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 with Guest Speakers:
Bill Miller, renowned waterfront historian and author, and
WHC Board member Gordon Cooper, HHH Maritime Consulting

Thursday, 18 August from 6pm to 8pm
Departing from Pier 11 (South St. between Wall St. & Gouveneur Lane)


RMS Carpathia at Pier 54. Photo: New York Public Library Digital Collections (PD)

♦ What famous NJ town was originally an island? ♦
♦ What heroic act did the RMS Carpathia become famous for? ♦
♦ What part of Manhattan was originally referred to as Capske Hook? ♦
♦ Which pier did Robert Fulton launch his first passenger carrying steam vessel the Clermont? ♦
♦ Where is it purported that Capt. Kidd buried a stash of loot? ♦


Holland America Line Piers in Hoboken, N.J. 1905 Photo: New York Public Library Digital Collections (PD)


Join us for a 2-hour, fully narrated boat tour with guest speakers WHC Board member Gordon Cooper, HHH Maritime Consulting, and


Bill Miller, renowned waterfront historian and author, Gateway to the World: The Port of New York in Colour Photographs being his latest! 





Our tour departs at 6:00 p.m. sharp from Pier 11 Wall Street in Manhattan, located on South St. between Wall St. & Gouverneur Lane. Boarding begins at 5:45 p.m. There is a snack bar on board.

Tickets are $30; $25 seniors.
For group sale rates, email

Thanks to NY Waterway for their generous support of our Hidden Harbor Tours®

Maher Terminal Port Elizabeth. Photo by John Skelson

Go behind the scenes of our bustling port on a Hidden Harbor Tour this Saturday. The Working Harbor Committee presents their 2.5 hour fully narrated Hidden Harbor Tour of Port Newark, in partnership with Circle Line Sightseeing.

Bill Miller, “Mr Ocean-Liner” is the guest speaker and together with Captain John Doswell, they will give industry-insider tidbits as the tour boat winds her way through the harbor. Get tickets here.

Explorer of the Seas Pearl River and Quantico Creek. Photo by John Skelson

The tour departs from Pier 84 on the Hudson River (W42nd Street and 12 Avenue), on a comfortable Circle Line boat with an outdoor deck as well as an air-conditioned deck and cruises through “tugboat alley” – the Kill Van Kull, to the container terminals of Port Newark.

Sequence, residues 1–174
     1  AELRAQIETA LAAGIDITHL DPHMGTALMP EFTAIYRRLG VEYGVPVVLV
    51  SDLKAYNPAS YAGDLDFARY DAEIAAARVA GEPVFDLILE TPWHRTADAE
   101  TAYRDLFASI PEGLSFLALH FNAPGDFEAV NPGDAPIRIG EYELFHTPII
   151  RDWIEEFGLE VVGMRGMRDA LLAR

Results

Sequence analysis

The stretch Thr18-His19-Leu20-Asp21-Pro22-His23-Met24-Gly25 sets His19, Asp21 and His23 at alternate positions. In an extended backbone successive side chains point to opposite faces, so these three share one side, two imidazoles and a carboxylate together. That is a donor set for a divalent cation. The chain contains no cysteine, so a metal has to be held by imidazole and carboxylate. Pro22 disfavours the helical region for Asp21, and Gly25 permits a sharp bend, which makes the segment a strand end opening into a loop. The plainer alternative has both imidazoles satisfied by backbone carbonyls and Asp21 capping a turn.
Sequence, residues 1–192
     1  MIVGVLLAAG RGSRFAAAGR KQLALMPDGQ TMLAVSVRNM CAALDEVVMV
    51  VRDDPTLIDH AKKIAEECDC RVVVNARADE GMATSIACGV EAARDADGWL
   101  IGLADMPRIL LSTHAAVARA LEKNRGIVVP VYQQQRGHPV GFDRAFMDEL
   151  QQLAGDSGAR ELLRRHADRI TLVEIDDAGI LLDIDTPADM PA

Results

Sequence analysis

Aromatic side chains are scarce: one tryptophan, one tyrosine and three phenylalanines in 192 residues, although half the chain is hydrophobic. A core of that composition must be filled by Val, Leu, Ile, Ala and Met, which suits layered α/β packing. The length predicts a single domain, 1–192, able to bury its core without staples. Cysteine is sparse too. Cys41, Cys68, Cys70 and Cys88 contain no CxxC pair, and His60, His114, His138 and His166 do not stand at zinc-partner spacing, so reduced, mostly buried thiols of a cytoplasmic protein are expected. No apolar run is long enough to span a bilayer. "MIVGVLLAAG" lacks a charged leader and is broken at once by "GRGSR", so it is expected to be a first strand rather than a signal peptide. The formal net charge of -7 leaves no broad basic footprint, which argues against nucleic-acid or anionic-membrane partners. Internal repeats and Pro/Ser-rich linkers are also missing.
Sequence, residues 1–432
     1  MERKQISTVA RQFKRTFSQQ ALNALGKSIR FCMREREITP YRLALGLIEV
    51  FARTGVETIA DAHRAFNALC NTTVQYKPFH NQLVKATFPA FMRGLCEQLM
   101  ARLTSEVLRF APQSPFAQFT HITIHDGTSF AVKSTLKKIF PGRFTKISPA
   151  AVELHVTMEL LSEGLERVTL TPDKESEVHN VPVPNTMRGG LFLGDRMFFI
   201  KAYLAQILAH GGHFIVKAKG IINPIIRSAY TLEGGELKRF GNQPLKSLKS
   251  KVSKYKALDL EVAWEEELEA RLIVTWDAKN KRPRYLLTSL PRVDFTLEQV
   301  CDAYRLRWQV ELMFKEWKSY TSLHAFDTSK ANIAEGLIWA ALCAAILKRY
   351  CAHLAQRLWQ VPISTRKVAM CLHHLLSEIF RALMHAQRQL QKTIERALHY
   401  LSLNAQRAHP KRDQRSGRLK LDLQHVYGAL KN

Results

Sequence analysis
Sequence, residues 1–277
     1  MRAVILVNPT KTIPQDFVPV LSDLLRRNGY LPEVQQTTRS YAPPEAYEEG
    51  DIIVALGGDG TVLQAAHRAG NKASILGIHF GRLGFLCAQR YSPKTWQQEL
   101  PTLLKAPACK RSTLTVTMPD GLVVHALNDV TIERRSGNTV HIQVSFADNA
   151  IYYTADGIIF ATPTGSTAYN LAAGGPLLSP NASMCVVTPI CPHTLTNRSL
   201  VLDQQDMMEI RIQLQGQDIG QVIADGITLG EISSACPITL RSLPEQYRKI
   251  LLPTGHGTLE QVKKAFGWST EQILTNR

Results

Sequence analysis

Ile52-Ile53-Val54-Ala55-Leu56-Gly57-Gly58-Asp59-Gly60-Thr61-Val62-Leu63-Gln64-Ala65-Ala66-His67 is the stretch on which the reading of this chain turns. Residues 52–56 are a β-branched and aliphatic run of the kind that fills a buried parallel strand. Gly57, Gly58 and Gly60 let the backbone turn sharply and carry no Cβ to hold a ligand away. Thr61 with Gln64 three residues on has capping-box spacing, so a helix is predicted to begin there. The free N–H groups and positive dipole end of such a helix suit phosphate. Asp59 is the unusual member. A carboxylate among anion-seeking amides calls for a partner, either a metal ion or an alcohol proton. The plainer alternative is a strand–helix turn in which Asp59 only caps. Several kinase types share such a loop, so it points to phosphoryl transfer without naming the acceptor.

Laura K Moran Pushing Hard. Photo by John Skelson

a journalist from recently joined us on a tour. She wrote of her experience:

It’s easy for us New Yorkers to forget that we’re actually islanders, and even easier to lose sight of the size and scope of the working port that our city’s harbor once was . . . and very much still is. In fact, New York Harbor today only trails Long Beach and Los Angeles in California amongst the nation’s largest ports in terms of size, and holds the title of the busiest working port on the East Coast.

So many photos! Photo by John Skelson

For some insight into this behind-the-scenes side of NYC, Hidden Harbor Tours recently launched operations aboard Circle Line Sightseeing Cruises (the tours were previously conducted on New York Water Taxi) to showcase a fascinating back-door peek into the goings-on of New York Harbor (including both the New York and New Jersey waterfronts) that’s far removed from the typical tourist boat circuits that normally ply these waters.

Underway. Photo by John Skelson

Participants get to ogle nooks and crannies where the other tourist boats don’t venture, offering up-close encounters with tugboats, shipping barges, and other assorted maritime vessels, plus plenty of hidden-from-view shoreline sights that you wouldn’t be able to see any other way.

Morgan Reinauer at Caddell’s Dry Dock. Photo by John Skelson

Designed by nonprofit organization Working Harbor Committee, the narrated 2.5-hour tours launched in June 2014, and are scheduled to run on select Saturdays through October. Commentary onboard is offered by a rotating roster of noted maritime speakers and historians.

Gramma T Lee Moran huffin’ and puffin’. Photo by John Skelson

Cruises board at 10:30am, and sail from 11am to 1:30pm. Tickets cost $40/adults; $35/seniors; and $26/kids ages 3 to 12 (children under 3 are free). A portion of the ticket proceeds go toward supporting Working Harbor Committee’s mission. Visit or  to book; sailings embark on Circle Line from Pier 83 on the Hudson River (at W. 42nd St. & 12th Ave.). Read more at here

by Mai Armstrong for the Working Harbor Committee. All photos except image of Bill Miller by John Skelson.

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